WASHINGTON — Capitol Hill lawmakers rushed over the weekend to put Public Broadcasting System on notice that it better think twice before bringing to America a new, HIV-infected Muppet developed for audiences in AIDS-ravaged South Africa.
In a letter dispatched to PBS prexy Pat Mitchell, Rep. W.J. “Billy” Tauzin (R-La) and the five other Republicans leading the influential House Commerce Committee raised several concerns about the Muppet. They also reminded that the panel has budgetary oversight of the Corp. for Public Broadcasting, which in turn provides funds to PBS.
“We look forward to working with you to ensure that only age and culturally appropriate programs air on PBS, which is a mainstay that millions of parents have come to rely upon over the past 35 years,” wrote the solons.
Sesame Workshop veep Joel Schneider announced the new Muppet last week at the 14th Intl. AIDS Conference in Barcelona. The Muppet doesn’t have a name yet, or a final design, but is expected to hit the airwaves in September.
Schneider told Daily Variety in a phone interview from Barcelona that there are no specific plans to introduce the Muppet in the U.S. He said the idea behind the new character is to provide accurate education about the HIV virus and AIDS.
The HIV virus is raging at epidemic proportions in South Africa, where it’s estimated that one in nine people are infected.
In South Africa, the Muppet will appear on “Takalani Sesame,” Schneider said.
Better programming vehicle?
PBS referred all questions regarding the Muppet to Sesame Workshop. PBS could not be reached for comment over the weekend regarding the Capitol Hill letter.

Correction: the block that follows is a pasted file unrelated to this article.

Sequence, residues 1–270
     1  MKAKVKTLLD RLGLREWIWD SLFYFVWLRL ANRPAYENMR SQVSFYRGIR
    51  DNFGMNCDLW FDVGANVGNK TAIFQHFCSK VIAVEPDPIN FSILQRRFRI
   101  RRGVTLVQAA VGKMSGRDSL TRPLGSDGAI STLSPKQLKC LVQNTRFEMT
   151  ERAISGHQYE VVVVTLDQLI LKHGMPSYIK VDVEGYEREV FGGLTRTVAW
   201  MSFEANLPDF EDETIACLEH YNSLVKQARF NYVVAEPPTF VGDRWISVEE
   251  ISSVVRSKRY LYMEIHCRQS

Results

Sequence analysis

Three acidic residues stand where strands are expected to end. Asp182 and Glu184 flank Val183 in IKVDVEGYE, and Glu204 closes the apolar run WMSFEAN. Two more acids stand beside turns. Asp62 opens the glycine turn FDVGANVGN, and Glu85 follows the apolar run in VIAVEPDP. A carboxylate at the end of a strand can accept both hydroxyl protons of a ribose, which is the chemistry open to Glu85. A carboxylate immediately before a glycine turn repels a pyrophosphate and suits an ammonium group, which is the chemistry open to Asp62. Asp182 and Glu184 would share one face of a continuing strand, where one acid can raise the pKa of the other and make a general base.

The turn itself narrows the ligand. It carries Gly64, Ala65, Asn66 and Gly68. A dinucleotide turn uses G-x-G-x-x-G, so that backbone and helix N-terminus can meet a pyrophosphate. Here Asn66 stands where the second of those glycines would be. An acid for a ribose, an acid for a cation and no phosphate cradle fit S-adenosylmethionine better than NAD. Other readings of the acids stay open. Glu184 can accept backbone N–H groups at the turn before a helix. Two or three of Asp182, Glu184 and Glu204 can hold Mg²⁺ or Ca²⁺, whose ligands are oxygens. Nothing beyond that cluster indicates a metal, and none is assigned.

The lawmakers said that by Sesame Workshop’s calculation, the average age of children watching “Sesame Street” in the U.S. is 2- to 4-years old.
“As such, while it is important to teach children in an age-appropriate manner about compassion for those who contract certain diseases, we would like to inquire as to whether there is other PBS programming, aimed at an older age group, which may be more suitable for such sensitive messages,” the solons wrote in the letter, which was sent Friday evening.
Capitol Hill pols, and especially Republicans, have long looked for reasons to cut back on funding for public broadcasting.
Tauzin, chair of the commerce committee, gave Mitchell until Friday to answer several questions, including the amount of money PBS dedicates to “Sesame Street” and any funds specifically earmarked for the new Muppet. Pols also want to know if there are any plans to introduce the Muppet in the U.S., and any role corporate underwriters might play in the decision-making process.
More generally, Mitchell has been asked to explain the process by which programming is reviewed in terms of being age-appropriate, and whether such review is ongoing.
Pols also want to know if Mitchell was aware of the HIV-infected Muppet when testifying last week before the House Subcommittee on Telecom & the Internet.
The other lawmakers signing the letter were Rep. Joe Barton (R-Texas), Rep. Richard Burr (R-N.C.), Rep. Charles “Chip” Pickering (R-Miss.), Rep. Cliff Stearns (R-Fla.) and Rep. Fred Upton (R-Mich.).